In giving the Secretary the authority to permit compatible uses, the bill adopts in statute as a policy of the United States the provisions of the President's 1996 Executive Order which affirms the legitimacy of compatible wildlife dependent recreation as a priority general public use of the System. S. 1059 further directs the Secretary to facilitate that use, subject to necessary and appropriate restrictions. The bill does not change the standing of other uses under existing law and policy of the USFWS. Further, as you are aware, Mr. Chairman, the bill does not prohibit other uses, as long as they meet the compatibility standard, and in most cases compatible wildlife dependent recreational uses and other compatible uses can be accommodated, but if they are both equally compatible but can't be accommodated, the bill gives a priority to wildlife dependent recreational uses. The Association strongly and wholeheartedly endorses this perspective because wildlife dependent recreational uses derive from healthy and robust fish and wildlife populations, they are generally minimally intrusive, and provide opportunities for our citizens- birders, anglers, hunters, educators and students - to enjoy and learn about fish and wildlife conservation on lands dedicated to this purpose. As you are also aware, Mr. Chairman, sportsmen and women of this Nation have contributed significantly to the support of the NWR System through their purchase and use of federal waterfowl stamp funds, their support for the North American Wetland Conservation Act program (which as you know is funded in part from interest on Pittman-Robertson funds), and other federal-private cost share programs for acquisition of NWRs. This provision giving wildlife dependent recreational uses priority general public use consideration recognizes their contribution.

Third, S. 1059 recognizes that NWRs are important components of and contribute to the larger ecosystems in which they are found and as such should be managed with appropriate attention to the surrounding lands. The bill recognizes that State fish and wildlife agencies are the presumptive front line managers of fish and wildlife within their borders and have the statutory stewardship responsibility to ensure the vitality of fish and wildlife resources for their citizens. This bill further recognizes the need for, and directs cooperation with State fish and wildlife agencies, in meeting objectives for fish and wildlife conservation on the refuge, and in coordinating the role of the refuge in meeting statewide objectives for fish and wildlife. Most State fish and wildlife agencies have developed statewide comprehensive fish and wildlife resource and habitat conservation plans which can be helpful to the USFWS in meeting their refuge objectives. We also appreciate the Federal Advisory Committee Act exemption for the Secretary in coordinating conservation efforts with State agencies.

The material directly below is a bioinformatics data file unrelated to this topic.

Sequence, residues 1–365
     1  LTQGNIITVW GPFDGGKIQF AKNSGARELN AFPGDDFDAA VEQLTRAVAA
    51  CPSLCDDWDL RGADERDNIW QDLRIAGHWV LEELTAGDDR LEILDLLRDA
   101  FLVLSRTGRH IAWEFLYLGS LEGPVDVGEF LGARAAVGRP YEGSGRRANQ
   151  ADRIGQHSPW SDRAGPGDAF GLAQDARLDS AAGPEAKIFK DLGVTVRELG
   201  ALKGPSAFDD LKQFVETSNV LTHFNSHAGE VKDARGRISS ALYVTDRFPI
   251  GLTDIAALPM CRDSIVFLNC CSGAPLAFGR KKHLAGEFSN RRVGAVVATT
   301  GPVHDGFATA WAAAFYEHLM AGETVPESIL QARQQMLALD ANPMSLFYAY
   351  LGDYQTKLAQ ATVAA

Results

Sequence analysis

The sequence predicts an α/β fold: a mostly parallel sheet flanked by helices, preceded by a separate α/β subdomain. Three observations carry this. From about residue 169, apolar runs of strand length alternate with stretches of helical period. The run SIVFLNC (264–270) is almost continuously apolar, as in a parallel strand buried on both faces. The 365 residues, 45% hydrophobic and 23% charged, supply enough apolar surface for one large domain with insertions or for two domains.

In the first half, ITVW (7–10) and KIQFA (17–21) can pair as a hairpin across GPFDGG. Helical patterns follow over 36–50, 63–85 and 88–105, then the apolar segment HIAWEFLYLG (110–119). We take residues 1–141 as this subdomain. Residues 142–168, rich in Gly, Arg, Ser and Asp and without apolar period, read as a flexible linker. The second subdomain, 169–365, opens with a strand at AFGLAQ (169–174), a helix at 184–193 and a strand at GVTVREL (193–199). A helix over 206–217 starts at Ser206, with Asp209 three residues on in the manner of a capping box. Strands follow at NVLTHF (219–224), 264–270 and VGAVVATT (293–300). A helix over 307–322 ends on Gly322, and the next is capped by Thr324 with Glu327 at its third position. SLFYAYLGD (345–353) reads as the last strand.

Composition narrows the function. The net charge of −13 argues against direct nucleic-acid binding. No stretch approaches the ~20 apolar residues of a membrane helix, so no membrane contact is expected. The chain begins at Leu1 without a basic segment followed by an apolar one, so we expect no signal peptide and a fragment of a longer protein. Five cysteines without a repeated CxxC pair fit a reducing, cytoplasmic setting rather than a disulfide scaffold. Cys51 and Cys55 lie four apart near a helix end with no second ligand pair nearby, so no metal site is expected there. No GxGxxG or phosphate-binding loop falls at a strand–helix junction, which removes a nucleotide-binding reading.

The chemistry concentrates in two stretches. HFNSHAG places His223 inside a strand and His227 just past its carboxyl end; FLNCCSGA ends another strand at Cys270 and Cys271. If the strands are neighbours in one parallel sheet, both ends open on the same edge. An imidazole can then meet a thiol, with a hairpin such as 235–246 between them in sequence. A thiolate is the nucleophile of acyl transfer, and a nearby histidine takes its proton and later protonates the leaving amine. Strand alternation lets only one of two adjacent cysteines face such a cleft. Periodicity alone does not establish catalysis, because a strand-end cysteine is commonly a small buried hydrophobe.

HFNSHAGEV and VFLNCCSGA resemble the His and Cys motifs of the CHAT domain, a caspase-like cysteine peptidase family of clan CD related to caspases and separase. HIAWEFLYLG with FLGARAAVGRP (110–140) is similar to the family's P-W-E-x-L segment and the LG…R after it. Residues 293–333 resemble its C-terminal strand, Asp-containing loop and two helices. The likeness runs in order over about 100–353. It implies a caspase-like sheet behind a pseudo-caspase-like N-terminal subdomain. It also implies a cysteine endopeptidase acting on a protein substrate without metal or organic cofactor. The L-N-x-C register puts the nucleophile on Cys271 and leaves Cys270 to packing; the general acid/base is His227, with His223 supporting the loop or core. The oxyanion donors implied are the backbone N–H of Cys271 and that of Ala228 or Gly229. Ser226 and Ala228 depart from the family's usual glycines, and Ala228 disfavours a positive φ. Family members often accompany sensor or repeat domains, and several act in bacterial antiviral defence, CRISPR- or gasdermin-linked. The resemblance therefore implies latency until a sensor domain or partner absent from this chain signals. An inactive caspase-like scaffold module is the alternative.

Finally, we fully support individual refuge conservation planning and involvement of the public, as provided for in the bill. We also appreciate the Act that the planning and compatibility processes are not so burdensome that the professionally trained refuge manager is not perpetually engaged in process, instead of accomplishing on the ground objectives for fish and wildlife conservation and their habitats, and providing appropriate opportunities for compatible wildlife dependent recreational uses. This is where the NWR managers should spend their time, not in onerous process, or in litigation. We believe that the bill strikes the necessary balance for planning and public involvement but without being burdensome or constraining the exercise and application of sound professional fish and wildlife science and management by the refuge manager.

In conclusion, Mr. Chairman, the 50 State fish and wildlife agencies enthusiastically support S. 1059 and H.R. 1420, and again would like to recognize the efforts of Congressmen Young, Dingell, Saxton, Miller, Secretary Babbitt, Senators Chafee, Graham, Kempthorne, and Baucus for bringing us to this point. We urge expeditious Senate passage without further amendment and are hopeful for quick House concurrence and a Presidential signing ceremony this summer.

Thank you for the opportunity to share the Association's perspectives and I would be happy to address any questions you might have.